Written by: Sandeep Ravindran, Ph.D. | Issue # 37 | 2015
- Previous research has shown that the body releases specialized chemical signals that help resolve infections.
- A new study identifies previously undescribed chemical signals present in human breast milk that accelerate tissue repair and regeneration in addition to resolving infections.
- The discovery of these molecules may improve our understanding of the beneficial properties of breast milk and could lead to new approaches to treating infections and several human diseases.
What do breast milk, regenerating flatworms, and infected mice have in common? That might sound like a particularly cryptic riddle, but the answer may improve our understanding of the beneficial properties of breast milk and could potentially lead to new therapies for many diseases.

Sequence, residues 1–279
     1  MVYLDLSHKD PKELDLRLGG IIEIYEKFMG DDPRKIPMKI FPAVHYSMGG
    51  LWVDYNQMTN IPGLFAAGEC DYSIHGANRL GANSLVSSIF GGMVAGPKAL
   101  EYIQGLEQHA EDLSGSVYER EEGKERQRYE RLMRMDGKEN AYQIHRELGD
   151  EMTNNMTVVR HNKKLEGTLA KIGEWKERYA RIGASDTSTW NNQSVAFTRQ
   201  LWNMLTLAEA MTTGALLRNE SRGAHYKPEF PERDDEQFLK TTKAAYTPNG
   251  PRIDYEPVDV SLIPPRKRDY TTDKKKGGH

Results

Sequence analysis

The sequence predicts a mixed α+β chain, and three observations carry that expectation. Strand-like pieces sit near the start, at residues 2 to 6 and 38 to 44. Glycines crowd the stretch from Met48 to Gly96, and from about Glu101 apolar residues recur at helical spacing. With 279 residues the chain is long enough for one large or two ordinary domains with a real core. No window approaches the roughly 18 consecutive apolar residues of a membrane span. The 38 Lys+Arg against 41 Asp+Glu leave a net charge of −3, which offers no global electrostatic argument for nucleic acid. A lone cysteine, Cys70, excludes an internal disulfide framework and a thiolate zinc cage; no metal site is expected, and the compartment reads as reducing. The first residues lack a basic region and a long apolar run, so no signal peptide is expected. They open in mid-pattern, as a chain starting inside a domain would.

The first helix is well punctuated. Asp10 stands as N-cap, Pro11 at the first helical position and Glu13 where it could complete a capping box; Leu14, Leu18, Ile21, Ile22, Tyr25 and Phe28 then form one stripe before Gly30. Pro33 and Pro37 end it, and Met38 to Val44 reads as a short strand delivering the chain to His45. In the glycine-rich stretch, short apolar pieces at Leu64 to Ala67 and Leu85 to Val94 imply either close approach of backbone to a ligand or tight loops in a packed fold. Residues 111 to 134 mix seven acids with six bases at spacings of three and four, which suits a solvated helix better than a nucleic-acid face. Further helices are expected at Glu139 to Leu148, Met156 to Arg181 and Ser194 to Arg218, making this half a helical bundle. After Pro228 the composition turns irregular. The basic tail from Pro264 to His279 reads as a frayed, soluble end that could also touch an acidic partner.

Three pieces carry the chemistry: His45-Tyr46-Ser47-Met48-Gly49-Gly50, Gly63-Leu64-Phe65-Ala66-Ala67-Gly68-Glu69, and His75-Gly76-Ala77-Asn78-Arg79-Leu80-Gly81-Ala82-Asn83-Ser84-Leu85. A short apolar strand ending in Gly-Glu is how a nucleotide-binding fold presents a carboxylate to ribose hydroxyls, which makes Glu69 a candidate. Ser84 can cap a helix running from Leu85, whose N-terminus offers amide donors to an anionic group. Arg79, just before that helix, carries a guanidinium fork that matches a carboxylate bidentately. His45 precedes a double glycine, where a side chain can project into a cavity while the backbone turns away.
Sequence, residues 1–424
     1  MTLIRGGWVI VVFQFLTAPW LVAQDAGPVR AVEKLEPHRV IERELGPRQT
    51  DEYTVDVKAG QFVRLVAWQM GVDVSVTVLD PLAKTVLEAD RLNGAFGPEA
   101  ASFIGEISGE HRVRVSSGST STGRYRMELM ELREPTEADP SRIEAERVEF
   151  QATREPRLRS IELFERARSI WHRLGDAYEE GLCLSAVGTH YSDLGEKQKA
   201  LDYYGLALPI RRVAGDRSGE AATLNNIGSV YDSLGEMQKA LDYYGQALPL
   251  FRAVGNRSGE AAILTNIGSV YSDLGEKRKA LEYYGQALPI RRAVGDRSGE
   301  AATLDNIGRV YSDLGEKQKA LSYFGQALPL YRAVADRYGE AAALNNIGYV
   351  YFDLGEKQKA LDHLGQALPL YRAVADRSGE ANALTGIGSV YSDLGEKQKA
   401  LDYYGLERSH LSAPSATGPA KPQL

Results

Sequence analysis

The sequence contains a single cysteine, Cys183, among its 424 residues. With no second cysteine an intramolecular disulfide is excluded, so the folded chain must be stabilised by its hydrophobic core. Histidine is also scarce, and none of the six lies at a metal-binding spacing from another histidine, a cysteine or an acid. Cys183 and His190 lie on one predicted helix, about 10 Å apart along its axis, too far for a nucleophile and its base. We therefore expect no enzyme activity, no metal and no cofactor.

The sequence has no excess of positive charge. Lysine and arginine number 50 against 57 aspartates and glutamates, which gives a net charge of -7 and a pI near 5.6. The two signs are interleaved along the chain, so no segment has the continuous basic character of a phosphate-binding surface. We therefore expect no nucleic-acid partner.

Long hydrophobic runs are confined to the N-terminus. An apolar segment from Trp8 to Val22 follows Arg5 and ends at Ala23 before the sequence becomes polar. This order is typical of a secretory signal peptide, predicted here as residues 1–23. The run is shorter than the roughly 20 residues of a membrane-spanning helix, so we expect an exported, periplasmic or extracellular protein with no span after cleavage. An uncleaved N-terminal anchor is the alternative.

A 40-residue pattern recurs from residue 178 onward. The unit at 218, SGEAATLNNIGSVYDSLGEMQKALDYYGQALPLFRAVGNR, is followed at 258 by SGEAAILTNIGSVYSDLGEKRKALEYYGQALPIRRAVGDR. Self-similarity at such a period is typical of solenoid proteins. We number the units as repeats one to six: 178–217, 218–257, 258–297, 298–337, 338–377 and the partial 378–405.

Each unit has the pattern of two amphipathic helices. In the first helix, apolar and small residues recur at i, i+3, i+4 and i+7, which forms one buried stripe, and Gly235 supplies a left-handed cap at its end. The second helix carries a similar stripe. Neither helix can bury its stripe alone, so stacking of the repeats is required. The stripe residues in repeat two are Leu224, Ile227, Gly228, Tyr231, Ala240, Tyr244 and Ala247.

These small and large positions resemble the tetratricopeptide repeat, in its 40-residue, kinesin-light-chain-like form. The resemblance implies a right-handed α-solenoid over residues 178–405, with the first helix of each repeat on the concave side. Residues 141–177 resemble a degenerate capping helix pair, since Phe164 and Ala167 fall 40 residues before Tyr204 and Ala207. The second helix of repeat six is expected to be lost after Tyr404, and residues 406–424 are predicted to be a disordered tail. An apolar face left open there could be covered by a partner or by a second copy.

In a new study, Charles Serhan and his team from Brigham and Women’s Hospital identified new chemical signals that help resolve bacterial infections and speed up tissue repair and regeneration . They isolated these molecules from human breast milk, mice with self-limiting bacterial infections, and regenerating flatworms called planaria.
“The primary response in an infection and in an inflammatory response is to recruit cells to the site of injury or bacterial invasion,” explains Serhan, a biochemist and experimental pathologist. Serhan studies how the human body stops this cell recruitment and shuts down the inflammatory response before it can become harmful. Uncontrolled inflammation has been implicated in a number of diseases, including cardiovascular disease, asthma, Alzheimer’s disease, and arthritis. Finding new ways to stop the inflammatory response could potentially help treat many of these ailments.
Serhan’s previous work has helped show that the resolution of inflammation is an active process, mediated by molecules dubbed ‘specialized pro-resolving mediators’ or SPMs [2,3,4,5]. “This is a pretty novel concept,” says Serhan. SPMs are small molecules made at the site of an infection that promote the clearance of bacteria and cellular debris from the infection site and stimulate the resolution of the inflammatory response.